DestinationsAgents have pointed out the confusing statements issued by the British Foreign Office regarding travel to overseas destinations

UK no-quarantine list stirs up interest – and confusion – over travel to Asia

The UK government said arrivals from countries where the Covid-19 outbreak is not under control will be subject to quarantines. Credit: Tomek Baginski/Unsplash
The UK government said arrivals from countries where the Covid-19 outbreak is not under control will be subject to quarantines. Credit: Tomek Baginski/Unsplash

The United Kingdom has on Friday announced a list of 59 overseas countries for which a 14-day quarantine will not be required for returning travellers. 

Popular Asia destinations on the UK exemption list starting July 10 include Australia, Vietnam and Japan, countries which have brought the pandemic under control within their borders. 

But notably missing are the Maldives, Thailand and China, despite their success in the contagion outbreak, meaning that arrivals from these countries will have to self isolate upon their return to the UK. 

"Instead of quarantining arrivals from the whole world, we will only quarantine arrivals from those countries where the virus is sadly not under control," UK Prime Minister Boris Johnson was quoted by BBC as saying at the Downing Street press briefing. 

But David Kevan of Chic Locations, a luxury boutique tour operator based in London, questioned the "confusing and conflicting travel information" coming from the British government.

The luxury travel specialist had received immediate inquiries from clients asking about visiting Thailand after the Southeast Asia nation was exempted from the UK's 'all but essential’ travel list, but he had to explain to them that their trips were unlikely to happen as the Thai kingdom, like many countries around the world, has yet to open its  borders to international travellers.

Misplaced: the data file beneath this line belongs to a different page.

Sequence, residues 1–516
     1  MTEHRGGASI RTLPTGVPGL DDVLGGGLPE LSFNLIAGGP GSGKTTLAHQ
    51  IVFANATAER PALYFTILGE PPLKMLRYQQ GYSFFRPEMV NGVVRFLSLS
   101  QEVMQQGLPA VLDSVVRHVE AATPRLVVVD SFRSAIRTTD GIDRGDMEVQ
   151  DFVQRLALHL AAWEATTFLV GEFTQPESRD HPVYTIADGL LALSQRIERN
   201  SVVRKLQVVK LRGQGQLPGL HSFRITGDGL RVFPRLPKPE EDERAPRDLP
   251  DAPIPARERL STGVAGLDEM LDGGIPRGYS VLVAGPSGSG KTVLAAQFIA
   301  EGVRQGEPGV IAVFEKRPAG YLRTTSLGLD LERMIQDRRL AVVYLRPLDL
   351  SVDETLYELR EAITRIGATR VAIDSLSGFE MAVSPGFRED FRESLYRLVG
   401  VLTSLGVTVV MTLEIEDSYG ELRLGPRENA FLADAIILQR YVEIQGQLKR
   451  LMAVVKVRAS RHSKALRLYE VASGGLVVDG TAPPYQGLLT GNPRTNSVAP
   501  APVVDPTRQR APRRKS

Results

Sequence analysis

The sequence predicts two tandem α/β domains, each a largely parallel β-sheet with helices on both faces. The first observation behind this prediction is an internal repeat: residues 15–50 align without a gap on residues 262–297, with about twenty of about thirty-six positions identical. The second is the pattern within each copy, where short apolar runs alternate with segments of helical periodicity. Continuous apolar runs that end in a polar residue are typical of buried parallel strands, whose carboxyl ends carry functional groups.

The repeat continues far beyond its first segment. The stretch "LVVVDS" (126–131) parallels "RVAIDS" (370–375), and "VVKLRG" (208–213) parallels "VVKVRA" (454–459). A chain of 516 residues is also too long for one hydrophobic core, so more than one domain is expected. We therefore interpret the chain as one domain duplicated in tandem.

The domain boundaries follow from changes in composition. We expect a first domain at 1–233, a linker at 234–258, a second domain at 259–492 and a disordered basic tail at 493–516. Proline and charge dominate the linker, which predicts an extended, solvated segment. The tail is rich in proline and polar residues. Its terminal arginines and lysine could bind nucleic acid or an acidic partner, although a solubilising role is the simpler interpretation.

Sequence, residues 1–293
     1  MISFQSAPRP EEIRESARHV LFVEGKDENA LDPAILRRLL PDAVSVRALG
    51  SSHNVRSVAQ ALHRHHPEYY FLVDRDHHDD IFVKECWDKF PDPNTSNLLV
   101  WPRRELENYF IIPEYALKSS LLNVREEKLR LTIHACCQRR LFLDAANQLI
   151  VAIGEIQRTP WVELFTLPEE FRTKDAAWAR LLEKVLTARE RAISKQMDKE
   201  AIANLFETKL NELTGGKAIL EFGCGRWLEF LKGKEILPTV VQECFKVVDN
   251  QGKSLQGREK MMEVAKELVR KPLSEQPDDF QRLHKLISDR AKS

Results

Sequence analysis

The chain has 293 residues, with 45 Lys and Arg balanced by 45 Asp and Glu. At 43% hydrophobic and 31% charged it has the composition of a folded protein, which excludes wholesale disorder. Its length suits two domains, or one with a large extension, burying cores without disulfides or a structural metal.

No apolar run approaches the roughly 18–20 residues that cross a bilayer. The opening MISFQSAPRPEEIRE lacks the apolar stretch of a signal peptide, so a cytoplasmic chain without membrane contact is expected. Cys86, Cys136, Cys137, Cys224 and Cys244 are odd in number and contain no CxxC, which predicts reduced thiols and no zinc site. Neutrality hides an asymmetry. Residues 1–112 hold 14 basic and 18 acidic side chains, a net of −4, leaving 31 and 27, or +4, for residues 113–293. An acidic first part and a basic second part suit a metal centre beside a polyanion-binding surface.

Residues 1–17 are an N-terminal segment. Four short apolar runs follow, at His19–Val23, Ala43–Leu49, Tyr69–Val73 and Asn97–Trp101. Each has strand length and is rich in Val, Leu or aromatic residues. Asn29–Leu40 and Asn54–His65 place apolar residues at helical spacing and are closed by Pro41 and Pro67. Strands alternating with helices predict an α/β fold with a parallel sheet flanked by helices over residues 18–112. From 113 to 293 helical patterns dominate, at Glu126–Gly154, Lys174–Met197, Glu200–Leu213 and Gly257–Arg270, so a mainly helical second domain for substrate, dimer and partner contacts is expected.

Calling the statements from the British government "misleading", Kevan explained: "The Thai government have not opened their borders and their priority is first domestic tourism, then regional tourism. Acceptance of UK visitors is way down the agenda, plus there are no flights." 

Also questioning the rationale of how countries were drawn up under the UK's safe travel or quarantine-exempt lists is Vickum Nawagamuwage, founder and CEO of Santani Resort and Spa in Sri Lanka. 

With Sri Lanka having "a better record of managing Covid-19 than New Zealand" but appearing on neither lists of the British government, Nawagamuwage foresees less impacts on existing bookings than the perception of Sri Lanka as as a safe destination for the UK market. 

On the other hand, the exclusion of the Maldives from the UK quarantine-exempt list has put a dampener on travel demand for the Indian Ocean nation, which is reopening to all tourists from July 15.

"We had so many [Maldives] enquiries all ready to move into positive bookings with departures within the next four months," said Kevan. "We now have to tell clients that the Maldives is still showing as 'only travel if essential' by the UK government, so if you proceed against the government advice this nullifies your insurance, and you must have insurance to enter the Maldives. Plus, on your return to UK you need to go into quarantine for two weeks." 

As a result, clients have halted their travel plans for the Maldives, which Kevan says is a "great pity" as the atoll nation offers "one of the most ideal concepts at the moment with one resort per island, generally low-rise accommodation and plenty of open space".

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